Feeding in the NICU and Issues That Influence Success Premature infants are both medically fragile and immature; both of these factors influence their ability to safely feed. Speech-language pathologists (SLPs) working with these infants must recognize normal development of feeding skills as well as diagnose feeding problems and develop individualized treatment plans. Assessments should include all three phases of ... Student Abstracts
Student Abstracts  |   October 01, 2008
Feeding in the NICU and Issues That Influence Success
Author Affiliations & Notes
  • Erin Sundseth Ross
    Department of Pediatrics, Section of Nutrition, School of Medicine, University of Colorado, Denver, CO
Article Information
Swallowing, Dysphagia & Feeding Disorders / Healthcare Settings / Articles
Student Abstracts   |   October 01, 2008
Feeding in the NICU and Issues That Influence Success
SIG 13 Perspectives on Swallowing and Swallowing Disorders (Dysphagia), October 2008, Vol. 17, 94-100. doi:10.1044/sasd17.3.94
SIG 13 Perspectives on Swallowing and Swallowing Disorders (Dysphagia), October 2008, Vol. 17, 94-100. doi:10.1044/sasd17.3.94
Abstract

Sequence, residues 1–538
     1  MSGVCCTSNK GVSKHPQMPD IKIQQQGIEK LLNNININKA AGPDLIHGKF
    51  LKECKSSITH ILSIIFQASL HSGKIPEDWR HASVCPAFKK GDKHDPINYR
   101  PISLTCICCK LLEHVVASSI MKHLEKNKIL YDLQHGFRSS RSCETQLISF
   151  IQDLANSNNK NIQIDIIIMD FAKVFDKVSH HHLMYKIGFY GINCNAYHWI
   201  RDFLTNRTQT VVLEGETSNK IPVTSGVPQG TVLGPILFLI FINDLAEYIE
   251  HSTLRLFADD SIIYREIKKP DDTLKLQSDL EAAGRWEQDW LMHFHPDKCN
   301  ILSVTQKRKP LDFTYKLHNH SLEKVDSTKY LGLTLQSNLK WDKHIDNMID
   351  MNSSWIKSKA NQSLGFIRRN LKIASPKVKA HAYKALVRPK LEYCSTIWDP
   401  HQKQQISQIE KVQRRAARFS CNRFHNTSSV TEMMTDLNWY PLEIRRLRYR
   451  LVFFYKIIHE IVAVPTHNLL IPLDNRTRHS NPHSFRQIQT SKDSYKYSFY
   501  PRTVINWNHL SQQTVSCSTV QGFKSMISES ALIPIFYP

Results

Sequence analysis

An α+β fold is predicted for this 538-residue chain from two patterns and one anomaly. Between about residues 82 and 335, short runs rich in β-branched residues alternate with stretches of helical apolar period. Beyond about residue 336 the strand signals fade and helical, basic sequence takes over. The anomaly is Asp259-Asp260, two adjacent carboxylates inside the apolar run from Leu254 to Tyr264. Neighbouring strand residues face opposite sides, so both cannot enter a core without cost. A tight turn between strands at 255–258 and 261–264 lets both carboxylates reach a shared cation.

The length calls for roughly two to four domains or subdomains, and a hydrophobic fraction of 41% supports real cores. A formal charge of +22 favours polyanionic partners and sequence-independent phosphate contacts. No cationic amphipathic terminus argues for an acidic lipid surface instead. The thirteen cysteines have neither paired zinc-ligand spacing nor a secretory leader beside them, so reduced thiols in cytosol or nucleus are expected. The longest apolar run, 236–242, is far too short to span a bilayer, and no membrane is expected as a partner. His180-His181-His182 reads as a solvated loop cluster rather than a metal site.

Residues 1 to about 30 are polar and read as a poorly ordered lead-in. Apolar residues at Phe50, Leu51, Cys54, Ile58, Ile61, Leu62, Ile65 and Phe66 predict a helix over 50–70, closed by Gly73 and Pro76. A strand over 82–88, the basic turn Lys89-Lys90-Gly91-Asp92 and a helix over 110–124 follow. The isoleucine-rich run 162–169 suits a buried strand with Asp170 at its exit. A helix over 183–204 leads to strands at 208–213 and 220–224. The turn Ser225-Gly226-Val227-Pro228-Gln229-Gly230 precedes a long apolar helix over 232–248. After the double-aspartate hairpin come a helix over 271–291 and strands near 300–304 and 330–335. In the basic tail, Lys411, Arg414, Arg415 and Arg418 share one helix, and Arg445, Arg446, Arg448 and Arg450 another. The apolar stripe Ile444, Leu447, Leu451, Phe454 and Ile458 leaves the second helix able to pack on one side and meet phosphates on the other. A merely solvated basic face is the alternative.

Premature infants are both medically fragile and immature; both of these factors influence their ability to safely feed. Speech-language pathologists (SLPs) working with these infants must recognize normal development of feeding skills as well as diagnose feeding problems and develop individualized treatment plans. Assessments should include all three phases of swallowing (oral, pharyngeal, and esophageal) in the context of overall stability, and interventions need to be individualized to the unique needs of each infant. Decreasing the flow rate of fluid and providing pacing are frequently used strategies to support the medically fragile infant. Therapeutic programs that do not appreciate the role of both individual developmental progression and medical comorbidities are not appropriate, given that volume is not the only goal of feeding. Rather, SLPs must focus on skill acquisition for long-term success within the larger context of parental nurturing. Medical comorbidities significantly influence both the initiation and the progression of oral feeding in this population. The individual variation in development, as well as the medical fragility in this population, challenges the neonatal intensive care unit (NICU) therapist to appreciate the complexity of feeding and to work in collaboration with the other members of the team.

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